There are open-loop hydronic heating systems that use the domestic hot water for both the fixtures and home heating. Does not need to be kept separate. Most hot water heaters plumed for dual use do NOT have a separate coil inside. Just two sets of attachments. Couldn't tell you if the open-loop or closed-loop system is more common.


  8. #8
    Join Date
    Jul 2008
    Location
    Utah
    Posts
    389

    Default Re: Unusual heating set up

    Quote Originally Posted by Kyle Smith View Post
    There are open-loop hydronic heating systems that use the domestic hot water for both the fixtures and home heating. Does not need to be kept separate. Most hot water heaters plumed for dual use do NOT have a separate coil inside. Just two sets of attachments. Couldn't tell you if the open-loop or closed-loop system is more common.
    Respectfully beg to differ on the open-loop part Kyle. There are many reasonsto keep the systems separate, code only being one of them. A"regular" domestic water heater is not listed as a device for heatingunless specifically noted and if it ain't noted, it ain't allowed.

    The water in the heating loop(s) becomes stagnant over the summer and when the circulatingpumps are kicked on in the fall that stinky, slimy, smelly, stagnant, waterfinds its way out of the shower head and right in your face.

    I am a little embarrassed to say I know all of this because I have done it andlearned my lesson the hard way.

    Am I proud? Heck yes, I learned a lesson. Would I do it again? Nope, don't believe I would.



  9. #9
    Join Date
    Oct 2008
    Location
    Portland, OR
    Posts
    33

    Default Re: Unusual heating set up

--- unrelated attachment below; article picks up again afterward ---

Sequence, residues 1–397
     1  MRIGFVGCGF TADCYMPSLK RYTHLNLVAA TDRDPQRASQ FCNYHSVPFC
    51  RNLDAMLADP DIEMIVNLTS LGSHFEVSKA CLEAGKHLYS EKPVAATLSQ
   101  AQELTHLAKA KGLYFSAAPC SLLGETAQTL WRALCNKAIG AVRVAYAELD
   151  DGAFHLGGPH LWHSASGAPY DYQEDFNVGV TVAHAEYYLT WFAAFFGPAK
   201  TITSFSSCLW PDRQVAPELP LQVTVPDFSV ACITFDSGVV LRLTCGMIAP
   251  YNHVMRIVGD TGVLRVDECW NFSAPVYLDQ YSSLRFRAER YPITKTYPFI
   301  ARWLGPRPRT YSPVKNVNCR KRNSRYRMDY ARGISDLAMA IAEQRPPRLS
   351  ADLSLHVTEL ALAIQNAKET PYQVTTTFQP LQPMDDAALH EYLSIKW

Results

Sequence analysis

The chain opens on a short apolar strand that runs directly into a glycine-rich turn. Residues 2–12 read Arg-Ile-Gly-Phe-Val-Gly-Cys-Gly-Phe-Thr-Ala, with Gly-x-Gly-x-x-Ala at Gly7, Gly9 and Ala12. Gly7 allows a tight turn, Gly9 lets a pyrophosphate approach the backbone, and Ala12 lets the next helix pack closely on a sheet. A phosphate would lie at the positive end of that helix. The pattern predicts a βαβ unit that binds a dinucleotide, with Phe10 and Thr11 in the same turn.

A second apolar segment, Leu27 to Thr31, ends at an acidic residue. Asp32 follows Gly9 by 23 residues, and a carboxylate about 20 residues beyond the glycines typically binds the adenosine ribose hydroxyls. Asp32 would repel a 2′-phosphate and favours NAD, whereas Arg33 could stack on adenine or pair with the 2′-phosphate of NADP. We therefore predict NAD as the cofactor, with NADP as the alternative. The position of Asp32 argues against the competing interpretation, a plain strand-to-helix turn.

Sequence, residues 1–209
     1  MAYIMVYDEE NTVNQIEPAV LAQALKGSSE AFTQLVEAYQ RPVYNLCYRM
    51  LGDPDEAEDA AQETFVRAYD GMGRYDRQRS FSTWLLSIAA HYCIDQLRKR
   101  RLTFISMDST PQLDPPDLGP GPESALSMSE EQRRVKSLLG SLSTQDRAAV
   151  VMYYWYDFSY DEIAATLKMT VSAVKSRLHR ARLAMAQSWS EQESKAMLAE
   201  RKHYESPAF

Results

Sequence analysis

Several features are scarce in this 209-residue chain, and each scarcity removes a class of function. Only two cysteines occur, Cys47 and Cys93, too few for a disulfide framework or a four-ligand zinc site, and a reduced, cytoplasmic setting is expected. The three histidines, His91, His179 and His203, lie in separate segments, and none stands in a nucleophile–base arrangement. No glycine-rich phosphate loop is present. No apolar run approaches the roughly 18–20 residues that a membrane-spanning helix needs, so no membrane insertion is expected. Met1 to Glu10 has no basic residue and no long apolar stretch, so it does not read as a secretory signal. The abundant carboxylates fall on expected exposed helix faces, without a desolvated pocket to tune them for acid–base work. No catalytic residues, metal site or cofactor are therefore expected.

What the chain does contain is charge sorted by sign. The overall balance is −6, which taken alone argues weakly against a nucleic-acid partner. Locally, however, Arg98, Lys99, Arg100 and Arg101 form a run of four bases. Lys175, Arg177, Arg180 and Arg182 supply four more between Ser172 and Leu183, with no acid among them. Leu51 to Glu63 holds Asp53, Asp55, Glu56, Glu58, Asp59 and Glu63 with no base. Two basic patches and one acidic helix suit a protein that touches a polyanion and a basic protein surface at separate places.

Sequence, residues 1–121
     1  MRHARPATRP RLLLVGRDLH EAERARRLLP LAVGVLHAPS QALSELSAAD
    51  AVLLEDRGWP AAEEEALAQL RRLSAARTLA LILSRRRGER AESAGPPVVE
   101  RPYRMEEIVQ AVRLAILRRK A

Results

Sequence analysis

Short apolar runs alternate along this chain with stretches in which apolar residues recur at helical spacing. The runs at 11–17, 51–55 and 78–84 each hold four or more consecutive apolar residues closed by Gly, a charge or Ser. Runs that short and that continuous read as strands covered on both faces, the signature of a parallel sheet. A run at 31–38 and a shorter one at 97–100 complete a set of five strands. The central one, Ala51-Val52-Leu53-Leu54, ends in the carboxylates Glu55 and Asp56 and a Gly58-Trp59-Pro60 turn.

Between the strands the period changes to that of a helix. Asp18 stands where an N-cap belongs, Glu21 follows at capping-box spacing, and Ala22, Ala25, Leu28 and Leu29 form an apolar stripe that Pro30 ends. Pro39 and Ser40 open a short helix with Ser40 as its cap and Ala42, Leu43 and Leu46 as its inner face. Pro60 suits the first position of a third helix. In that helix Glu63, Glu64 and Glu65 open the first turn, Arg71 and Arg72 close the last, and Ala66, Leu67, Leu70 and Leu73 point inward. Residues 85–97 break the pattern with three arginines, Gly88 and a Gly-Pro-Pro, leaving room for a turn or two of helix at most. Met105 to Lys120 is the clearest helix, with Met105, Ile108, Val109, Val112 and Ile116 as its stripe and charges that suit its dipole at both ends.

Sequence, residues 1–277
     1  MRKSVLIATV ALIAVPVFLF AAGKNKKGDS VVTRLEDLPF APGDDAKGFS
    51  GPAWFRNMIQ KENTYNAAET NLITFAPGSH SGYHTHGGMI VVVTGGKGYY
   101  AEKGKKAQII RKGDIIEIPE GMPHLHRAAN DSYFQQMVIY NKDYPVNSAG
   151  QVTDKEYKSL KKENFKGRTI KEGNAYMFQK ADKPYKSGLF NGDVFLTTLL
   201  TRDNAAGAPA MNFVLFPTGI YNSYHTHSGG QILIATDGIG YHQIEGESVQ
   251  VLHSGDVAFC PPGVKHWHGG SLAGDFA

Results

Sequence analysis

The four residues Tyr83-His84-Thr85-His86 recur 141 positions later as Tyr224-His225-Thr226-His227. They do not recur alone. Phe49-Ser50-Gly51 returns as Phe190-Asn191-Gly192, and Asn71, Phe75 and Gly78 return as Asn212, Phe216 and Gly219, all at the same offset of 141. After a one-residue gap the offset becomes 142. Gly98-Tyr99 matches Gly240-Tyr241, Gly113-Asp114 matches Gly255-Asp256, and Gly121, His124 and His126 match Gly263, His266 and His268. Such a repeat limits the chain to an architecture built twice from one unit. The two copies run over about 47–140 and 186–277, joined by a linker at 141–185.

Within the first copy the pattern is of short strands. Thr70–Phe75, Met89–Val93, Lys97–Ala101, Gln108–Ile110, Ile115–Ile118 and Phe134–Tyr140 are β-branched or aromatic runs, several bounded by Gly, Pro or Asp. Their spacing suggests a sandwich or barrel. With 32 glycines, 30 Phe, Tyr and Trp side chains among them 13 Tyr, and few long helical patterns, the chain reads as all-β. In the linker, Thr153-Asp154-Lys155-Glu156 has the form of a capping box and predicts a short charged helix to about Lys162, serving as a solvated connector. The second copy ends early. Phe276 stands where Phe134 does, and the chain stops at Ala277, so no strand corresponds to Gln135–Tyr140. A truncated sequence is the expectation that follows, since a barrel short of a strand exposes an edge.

Quote Originally Posted by Rod Butler View Post
    Respectfully beg to differ on the open-loop part Kyle. There are many reasonsto keep the systems separate, code only being one of them. A"regular" domestic water heater is not listed as a device for heatingunless specifically noted and if it ain't noted, it ain't allowed.

    The water in the heating loop(s) becomes stagnant over the summer and when the circulatingpumps are kicked on in the fall that stinky, slimy, smelly, stagnant, waterfinds its way out of the shower head and right in your face. .
    Sorry to hear you had such a bad experience. My permitted and approved open system used a "dual-use" gas hot water heater for combined space/water heating. And when there was no longer a demand for heat you turned a valve that made the water be first pulled through the floor before entering the hot water heater. (Water was never sitting around.)

    On a side note: As mentioned above, I don't think it was any more efficient and changing the temperature took forever. Dogs loved it tho..


  10. #10
    Join Date
    Dec 2009
    Location
    Florida
    Posts
    552

    Default Re: Unusual heating set up

    I have seen boilers with a heating loop, hot water loop, and "Bathroom" loop. The bathroom was kept nice and toasty while the rest of the house could be raised and lowered as desired.